For example, it has been nearly 25 years since a physician, Otis Bowen, who served under President George H. W. Bush, led the Department of HHS. Since then, HHS secretaries have included political science professor and future president of the University of Miami Donna Shalala, lawyer and former governor Tommy Thompson, former insurance company owner and politician Mike Leavitt, political lobbyist and former insurance commissioner Kathleen Sebelius, and most recently, political science graduate and former Walmart board executive Sylvia Burwell.
Looking at the directors of Center for Medicare and Medicaid Services (CMS) shows a similar pattern. Since its creation in 1965, only three of its 14 directors have been physicians. Other directors have included lawyers, hospital executives, economists, and various types of administrators without any medical degree or clinical experience.
We charge our government leaders with the task of creating and managing policies to improve the lives of Americans. In health care, these policies then become the responsibility of physicians in every part of the country to follow. Yet without personal insight and experience in the clinical practice of medicine, politicians cannot even begin to understand the daily challenges that occur in our current health care system.
And yet this is what happens. Think tank members and political advisors with more letters behind their name than the average doctor but no real medical experience are making up the rules, with little to no understanding of the repercussions of the very policies that they are creating.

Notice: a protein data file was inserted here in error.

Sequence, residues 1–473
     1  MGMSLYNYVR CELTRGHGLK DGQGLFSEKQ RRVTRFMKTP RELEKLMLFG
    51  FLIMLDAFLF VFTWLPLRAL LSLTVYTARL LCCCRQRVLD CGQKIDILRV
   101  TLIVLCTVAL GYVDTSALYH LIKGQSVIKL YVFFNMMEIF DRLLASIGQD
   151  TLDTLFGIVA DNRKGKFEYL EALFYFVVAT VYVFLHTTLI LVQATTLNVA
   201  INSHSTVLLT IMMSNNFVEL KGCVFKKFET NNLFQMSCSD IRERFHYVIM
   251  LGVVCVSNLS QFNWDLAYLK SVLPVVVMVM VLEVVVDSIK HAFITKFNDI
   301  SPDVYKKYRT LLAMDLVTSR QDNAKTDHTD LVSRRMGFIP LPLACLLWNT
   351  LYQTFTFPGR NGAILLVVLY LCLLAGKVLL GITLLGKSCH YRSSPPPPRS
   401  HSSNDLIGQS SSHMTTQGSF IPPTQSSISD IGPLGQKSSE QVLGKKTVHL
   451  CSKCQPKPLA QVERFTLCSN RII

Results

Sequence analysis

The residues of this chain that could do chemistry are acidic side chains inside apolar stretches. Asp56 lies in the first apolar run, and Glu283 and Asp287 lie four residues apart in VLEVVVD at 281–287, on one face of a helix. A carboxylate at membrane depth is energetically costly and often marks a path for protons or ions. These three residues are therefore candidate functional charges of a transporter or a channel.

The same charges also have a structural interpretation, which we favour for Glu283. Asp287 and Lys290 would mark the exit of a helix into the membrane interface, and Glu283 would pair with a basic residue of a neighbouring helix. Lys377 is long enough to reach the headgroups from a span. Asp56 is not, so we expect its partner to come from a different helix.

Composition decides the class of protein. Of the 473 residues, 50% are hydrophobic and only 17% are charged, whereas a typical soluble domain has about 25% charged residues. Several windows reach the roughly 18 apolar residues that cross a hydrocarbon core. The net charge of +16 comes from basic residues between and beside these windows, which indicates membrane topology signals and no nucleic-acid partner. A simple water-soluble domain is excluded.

I came to this realization when I attended the AAFP’s Congressional Conference in 2015 and listened to a physician comment to a panel of political advisors that complying with the government mandates of Meaningful Use was creating an undue burden on him and getting in the way of practicing medicine. “I don’t think the regulation gets in the way,” was the response from one of the panelists, before turning to the next physician waiting in line to ask a question.
I couldn’t believe my ears. A practicing physician is telling a policy-maker that their regulations are causing a problem in his ability to practice medicine, and the response is basically to say: “No, it’s not.” How do we even begin to fix our broken health care system when our politicians refuse to acknowledge the burden that physicians face?
I watched the doctor who had made this comment walk away from the microphone shaking his head. He will leave DC and go back to his practice in rural Tennessee, where he will try to work around the maelstrom of regulation and red tape to take care of his patients. Maybe he will come back to DC in the future and continue to try to influence health care politics for the better. Or maybe, like the 50 percent of practicing physicians today, he will quietly plot his exit from clinical practice, eventually leaving his patients without the care they so desperately need.
And that, my friends, is the hypocrisy of American medicine.
Rebekah Bernard is a family physician and the author of How to Be a Rock Star Doctor: The Complete Guide to Taking Back Control of Your Life and Your Profession. She can be reached at her self-titled site, Rebekah Bernard, MD.